Temporary protein C deficiency associated with cerebellar infarction

A case report

Research output: Contribution to journalArticle

Abstract

Protein C deficiency is a rare cause of thromboembolic disease. Venous thrombosis is the most common clinical manifestation of protein C deficiency, but there are also a few reports in the literature addressing the relationship between protein C deficiency and the occurrence of arterial thrombosis. I report the case of a 32-year-old male who presented with vomiting, dysarthria and left limb ataxia. Cranial computed tomography and magnetic resonance imaging disclosed an infarction in the left cerebellar hemisphere. Two months and ten days after onset, protein C activity was 37% (normal:70-140%). The protein C activity of both parents and two of the patient's brothers was within normal limits. During follow-up, there was a complete recovery of neurological signs and symptoms. Ten months after onset, the patient's protein C activity normalized (104%). My findings suggest that a decrease in protein C activity may be temporary in some patients with cerebral infarction. Follow-up of protein C activity is necessary even if there is no decrease in protein C activity in the patient's family members.

Original languageEnglish
Pages (from-to)324-327
Number of pages4
JournalActa Neurologica Taiwanica
Volume6
Issue number4
Publication statusPublished - 1997

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Protein C Deficiency
Protein C
Infarction
Dysarthria
Cerebral Infarction
Ataxia
Venous Thrombosis
Signs and Symptoms
Vomiting
Siblings
Thrombosis
Parents
Tomography
Magnetic Resonance Imaging

All Science Journal Classification (ASJC) codes

  • Neurology
  • Clinical Neurology

Cite this

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title = "Temporary protein C deficiency associated with cerebellar infarction: A case report",
abstract = "Protein C deficiency is a rare cause of thromboembolic disease. Venous thrombosis is the most common clinical manifestation of protein C deficiency, but there are also a few reports in the literature addressing the relationship between protein C deficiency and the occurrence of arterial thrombosis. I report the case of a 32-year-old male who presented with vomiting, dysarthria and left limb ataxia. Cranial computed tomography and magnetic resonance imaging disclosed an infarction in the left cerebellar hemisphere. Two months and ten days after onset, protein C activity was 37{\%} (normal:70-140{\%}). The protein C activity of both parents and two of the patient's brothers was within normal limits. During follow-up, there was a complete recovery of neurological signs and symptoms. Ten months after onset, the patient's protein C activity normalized (104{\%}). My findings suggest that a decrease in protein C activity may be temporary in some patients with cerebral infarction. Follow-up of protein C activity is necessary even if there is no decrease in protein C activity in the patient's family members.",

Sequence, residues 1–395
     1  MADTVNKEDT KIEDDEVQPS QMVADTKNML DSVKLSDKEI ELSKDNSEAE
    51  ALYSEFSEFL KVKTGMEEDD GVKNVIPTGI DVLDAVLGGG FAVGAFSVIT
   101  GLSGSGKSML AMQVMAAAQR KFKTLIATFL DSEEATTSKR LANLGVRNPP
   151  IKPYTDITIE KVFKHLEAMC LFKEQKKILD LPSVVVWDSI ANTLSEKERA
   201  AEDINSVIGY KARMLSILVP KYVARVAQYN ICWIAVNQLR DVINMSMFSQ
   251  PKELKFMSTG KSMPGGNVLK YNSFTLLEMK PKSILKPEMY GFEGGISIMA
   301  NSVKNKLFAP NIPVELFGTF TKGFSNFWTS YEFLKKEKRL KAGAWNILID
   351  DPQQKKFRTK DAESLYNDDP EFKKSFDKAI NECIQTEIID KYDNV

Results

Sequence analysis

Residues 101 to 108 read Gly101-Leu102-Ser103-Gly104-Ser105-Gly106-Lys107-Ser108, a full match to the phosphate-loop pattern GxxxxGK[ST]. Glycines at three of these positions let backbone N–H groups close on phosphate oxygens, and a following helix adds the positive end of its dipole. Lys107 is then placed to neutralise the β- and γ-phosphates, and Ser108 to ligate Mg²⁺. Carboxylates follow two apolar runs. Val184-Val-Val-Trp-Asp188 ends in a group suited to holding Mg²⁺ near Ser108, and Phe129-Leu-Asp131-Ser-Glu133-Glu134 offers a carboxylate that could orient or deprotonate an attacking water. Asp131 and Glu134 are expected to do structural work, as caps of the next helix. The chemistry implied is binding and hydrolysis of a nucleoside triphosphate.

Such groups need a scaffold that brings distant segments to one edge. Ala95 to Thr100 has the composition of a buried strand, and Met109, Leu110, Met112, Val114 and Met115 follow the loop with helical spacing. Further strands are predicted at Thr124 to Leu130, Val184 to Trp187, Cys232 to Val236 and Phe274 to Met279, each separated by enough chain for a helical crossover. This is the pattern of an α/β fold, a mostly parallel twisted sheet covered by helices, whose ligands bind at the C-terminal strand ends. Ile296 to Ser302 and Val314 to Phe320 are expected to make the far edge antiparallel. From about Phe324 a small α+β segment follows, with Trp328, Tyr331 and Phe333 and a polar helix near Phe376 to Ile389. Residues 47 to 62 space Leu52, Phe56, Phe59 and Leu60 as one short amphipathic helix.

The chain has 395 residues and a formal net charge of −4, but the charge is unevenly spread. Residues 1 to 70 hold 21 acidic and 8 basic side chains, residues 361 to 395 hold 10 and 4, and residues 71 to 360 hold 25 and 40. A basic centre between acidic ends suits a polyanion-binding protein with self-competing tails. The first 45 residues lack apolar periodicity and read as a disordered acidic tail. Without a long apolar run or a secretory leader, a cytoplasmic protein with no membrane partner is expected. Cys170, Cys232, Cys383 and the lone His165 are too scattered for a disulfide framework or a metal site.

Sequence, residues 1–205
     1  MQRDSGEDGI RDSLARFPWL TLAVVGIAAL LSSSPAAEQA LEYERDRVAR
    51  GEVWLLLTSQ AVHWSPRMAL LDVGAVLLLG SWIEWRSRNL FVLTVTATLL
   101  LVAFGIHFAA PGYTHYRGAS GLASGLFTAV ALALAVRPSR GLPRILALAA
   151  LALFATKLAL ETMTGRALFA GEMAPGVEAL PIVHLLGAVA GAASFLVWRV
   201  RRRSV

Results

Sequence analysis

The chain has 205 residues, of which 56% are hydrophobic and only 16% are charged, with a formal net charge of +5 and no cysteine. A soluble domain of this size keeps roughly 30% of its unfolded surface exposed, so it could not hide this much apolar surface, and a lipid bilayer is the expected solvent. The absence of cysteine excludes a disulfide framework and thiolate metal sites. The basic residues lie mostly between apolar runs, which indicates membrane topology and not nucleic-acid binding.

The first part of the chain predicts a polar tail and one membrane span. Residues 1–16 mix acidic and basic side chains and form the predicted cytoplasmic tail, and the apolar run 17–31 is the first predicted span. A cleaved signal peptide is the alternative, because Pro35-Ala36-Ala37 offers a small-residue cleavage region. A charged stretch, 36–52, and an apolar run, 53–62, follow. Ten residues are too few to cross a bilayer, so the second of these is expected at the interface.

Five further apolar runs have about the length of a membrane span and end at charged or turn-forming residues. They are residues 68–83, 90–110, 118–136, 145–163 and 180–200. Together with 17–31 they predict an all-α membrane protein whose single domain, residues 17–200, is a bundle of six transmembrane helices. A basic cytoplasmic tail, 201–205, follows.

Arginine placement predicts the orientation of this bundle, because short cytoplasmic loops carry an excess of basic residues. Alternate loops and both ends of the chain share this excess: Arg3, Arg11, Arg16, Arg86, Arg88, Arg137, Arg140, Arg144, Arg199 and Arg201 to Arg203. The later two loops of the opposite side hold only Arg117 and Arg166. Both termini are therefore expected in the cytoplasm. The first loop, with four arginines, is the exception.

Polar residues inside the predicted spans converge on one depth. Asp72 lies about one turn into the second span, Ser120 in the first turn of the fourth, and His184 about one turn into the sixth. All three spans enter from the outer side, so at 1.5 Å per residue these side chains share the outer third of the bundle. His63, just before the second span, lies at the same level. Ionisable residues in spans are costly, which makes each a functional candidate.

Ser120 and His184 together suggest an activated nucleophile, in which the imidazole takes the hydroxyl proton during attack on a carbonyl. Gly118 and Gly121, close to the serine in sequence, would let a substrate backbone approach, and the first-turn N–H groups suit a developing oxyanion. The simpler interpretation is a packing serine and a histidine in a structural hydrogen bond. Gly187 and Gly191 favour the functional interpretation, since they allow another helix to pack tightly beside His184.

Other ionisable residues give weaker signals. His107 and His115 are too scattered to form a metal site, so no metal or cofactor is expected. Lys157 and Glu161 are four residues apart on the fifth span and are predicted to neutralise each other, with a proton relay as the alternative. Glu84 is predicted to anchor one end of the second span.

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Temporary protein C deficiency associated with cerebellar infarction : A case report. / Chen, Chih-Hung.

In: Acta Neurologica Taiwanica, Vol. 6, No. 4, 1997, p. 324-327.

Research output: Contribution to journalArticle

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AB - Protein C deficiency is a rare cause of thromboembolic disease. Venous thrombosis is the most common clinical manifestation of protein C deficiency, but there are also a few reports in the literature addressing the relationship between protein C deficiency and the occurrence of arterial thrombosis. I report the case of a 32-year-old male who presented with vomiting, dysarthria and left limb ataxia. Cranial computed tomography and magnetic resonance imaging disclosed an infarction in the left cerebellar hemisphere. Two months and ten days after onset, protein C activity was 37% (normal:70-140%). The protein C activity of both parents and two of the patient's brothers was within normal limits. During follow-up, there was a complete recovery of neurological signs and symptoms. Ten months after onset, the patient's protein C activity normalized (104%). My findings suggest that a decrease in protein C activity may be temporary in some patients with cerebral infarction. Follow-up of protein C activity is necessary even if there is no decrease in protein C activity in the patient's family members.

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